Little Rock Film Festival 2009
First thing to do when arriving to the Little Rock Film Festival (if the films and parties haven't started) is to walk down Markham St. to The Flying Fish restaurant, just a rock's throw from the Bill Clinton Library. While waiting in line to order (there is ALWAYS a line) you giggle at the hundreds of photos of customers with fish that are posted on the wall . Then you grab a beer from the fridge and order from a choice of catfish, shrimp, oysters, frog legs, crawfish, calamari--fried, grilled, boiled, whatever. Today I kept it simple with a shrimp cocktail, a couple pieces of cat and some fantastic grilled zucchini while chatting with the filmmakers from Slumberland. We talked about the wealth of creative talent around Little Rock like Ray McKinnon who co-produced and starred in the fest's opening film That Evening Sun.
The movie has been winning festival awards around the country since its unveiling at SXSW a couple months ago, and receiving Oscar buzz for its star Hal Holbrook who plays an elderly Tennessee farmer who resists being put out to pasture in an old folks home and gets into a battle over losing his farm to an old enemy, Lonzo Choat, played by McKinnon. After some acclaimed work in projects like HBO's "Deadwood" and O, Brother Where Art Thou? McKinnon gives his strongest performance to date in his dark portrayal of Choat, an extremely unlikable character that McKinnon somehow convinces us to sympathize with. This is the actor who captivated us when he burst onto the scene and won an Oscar for his short 2001 film The Accountant, still a classic. After the screening director Scott Teems and co-producer/co-star Walton Goggins joined McKinnon for a Q & A, moderated by screenwriter Graham Gordy. It screens again Saturday night.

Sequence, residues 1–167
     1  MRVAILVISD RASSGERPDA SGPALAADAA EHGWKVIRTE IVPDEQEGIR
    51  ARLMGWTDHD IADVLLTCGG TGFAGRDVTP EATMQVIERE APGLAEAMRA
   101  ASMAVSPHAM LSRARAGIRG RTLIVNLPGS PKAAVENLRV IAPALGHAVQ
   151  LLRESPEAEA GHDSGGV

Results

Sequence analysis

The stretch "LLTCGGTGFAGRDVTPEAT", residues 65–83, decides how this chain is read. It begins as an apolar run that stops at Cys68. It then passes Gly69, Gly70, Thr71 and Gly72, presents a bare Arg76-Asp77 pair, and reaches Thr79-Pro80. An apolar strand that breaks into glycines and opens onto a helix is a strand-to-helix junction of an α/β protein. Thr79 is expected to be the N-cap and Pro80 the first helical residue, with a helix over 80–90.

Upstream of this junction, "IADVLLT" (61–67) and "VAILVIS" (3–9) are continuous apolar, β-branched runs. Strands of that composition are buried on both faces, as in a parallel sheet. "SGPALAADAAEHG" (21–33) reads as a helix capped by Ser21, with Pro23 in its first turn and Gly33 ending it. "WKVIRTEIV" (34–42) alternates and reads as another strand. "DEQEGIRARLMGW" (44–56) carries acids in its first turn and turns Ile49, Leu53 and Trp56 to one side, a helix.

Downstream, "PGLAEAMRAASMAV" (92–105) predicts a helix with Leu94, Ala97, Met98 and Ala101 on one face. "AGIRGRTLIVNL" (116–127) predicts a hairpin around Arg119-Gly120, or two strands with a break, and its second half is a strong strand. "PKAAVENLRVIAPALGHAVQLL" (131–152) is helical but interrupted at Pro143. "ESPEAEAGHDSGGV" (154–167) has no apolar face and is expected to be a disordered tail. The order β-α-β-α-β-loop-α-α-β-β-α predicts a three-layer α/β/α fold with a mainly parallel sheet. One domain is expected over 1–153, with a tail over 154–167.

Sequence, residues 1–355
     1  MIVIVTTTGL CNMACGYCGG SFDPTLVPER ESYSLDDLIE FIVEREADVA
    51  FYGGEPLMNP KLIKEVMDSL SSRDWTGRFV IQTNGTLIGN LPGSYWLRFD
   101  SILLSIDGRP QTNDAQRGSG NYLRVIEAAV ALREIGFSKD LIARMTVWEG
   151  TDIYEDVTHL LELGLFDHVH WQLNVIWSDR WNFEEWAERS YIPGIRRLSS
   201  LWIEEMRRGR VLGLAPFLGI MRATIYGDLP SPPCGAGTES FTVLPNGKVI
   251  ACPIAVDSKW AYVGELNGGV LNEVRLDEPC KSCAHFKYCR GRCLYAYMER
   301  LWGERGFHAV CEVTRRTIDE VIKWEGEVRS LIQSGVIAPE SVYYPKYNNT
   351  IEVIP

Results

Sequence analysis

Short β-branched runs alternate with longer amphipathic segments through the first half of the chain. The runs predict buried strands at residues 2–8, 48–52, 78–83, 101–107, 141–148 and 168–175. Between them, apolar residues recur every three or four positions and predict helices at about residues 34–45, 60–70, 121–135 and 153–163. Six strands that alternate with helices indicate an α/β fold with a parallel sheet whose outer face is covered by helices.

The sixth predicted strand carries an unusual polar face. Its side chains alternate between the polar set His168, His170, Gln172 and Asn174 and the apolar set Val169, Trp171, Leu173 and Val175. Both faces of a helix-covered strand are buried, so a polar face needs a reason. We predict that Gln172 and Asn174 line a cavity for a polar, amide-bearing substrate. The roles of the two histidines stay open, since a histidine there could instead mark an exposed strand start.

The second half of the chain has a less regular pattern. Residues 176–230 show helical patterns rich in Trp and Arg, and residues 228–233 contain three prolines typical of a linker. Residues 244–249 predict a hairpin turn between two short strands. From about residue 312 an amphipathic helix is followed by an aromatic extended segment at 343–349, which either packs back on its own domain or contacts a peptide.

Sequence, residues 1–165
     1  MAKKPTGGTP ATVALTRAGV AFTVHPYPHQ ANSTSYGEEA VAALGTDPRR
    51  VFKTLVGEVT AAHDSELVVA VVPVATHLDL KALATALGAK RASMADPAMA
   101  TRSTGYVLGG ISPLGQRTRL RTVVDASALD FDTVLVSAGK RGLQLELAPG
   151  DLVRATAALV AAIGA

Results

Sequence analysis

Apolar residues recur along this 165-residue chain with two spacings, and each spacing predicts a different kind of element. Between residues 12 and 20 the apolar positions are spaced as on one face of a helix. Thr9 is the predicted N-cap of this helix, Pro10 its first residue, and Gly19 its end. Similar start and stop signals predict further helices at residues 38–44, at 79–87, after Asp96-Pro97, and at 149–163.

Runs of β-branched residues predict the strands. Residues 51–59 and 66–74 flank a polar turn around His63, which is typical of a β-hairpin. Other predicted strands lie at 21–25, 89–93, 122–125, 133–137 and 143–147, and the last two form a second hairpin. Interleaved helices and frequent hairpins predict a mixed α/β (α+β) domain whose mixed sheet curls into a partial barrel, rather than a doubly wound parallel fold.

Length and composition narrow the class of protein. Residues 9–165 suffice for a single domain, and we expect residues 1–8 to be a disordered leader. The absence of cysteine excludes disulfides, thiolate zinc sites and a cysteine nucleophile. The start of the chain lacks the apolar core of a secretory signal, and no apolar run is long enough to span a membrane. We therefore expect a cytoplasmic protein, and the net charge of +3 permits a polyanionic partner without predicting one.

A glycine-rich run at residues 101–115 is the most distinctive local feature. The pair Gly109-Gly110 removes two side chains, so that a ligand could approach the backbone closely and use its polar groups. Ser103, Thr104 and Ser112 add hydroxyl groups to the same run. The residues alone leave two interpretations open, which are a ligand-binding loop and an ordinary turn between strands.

Read my SXSW reviews on That Evening Sun and Bomber, another favorite which also shows at the festival later this week.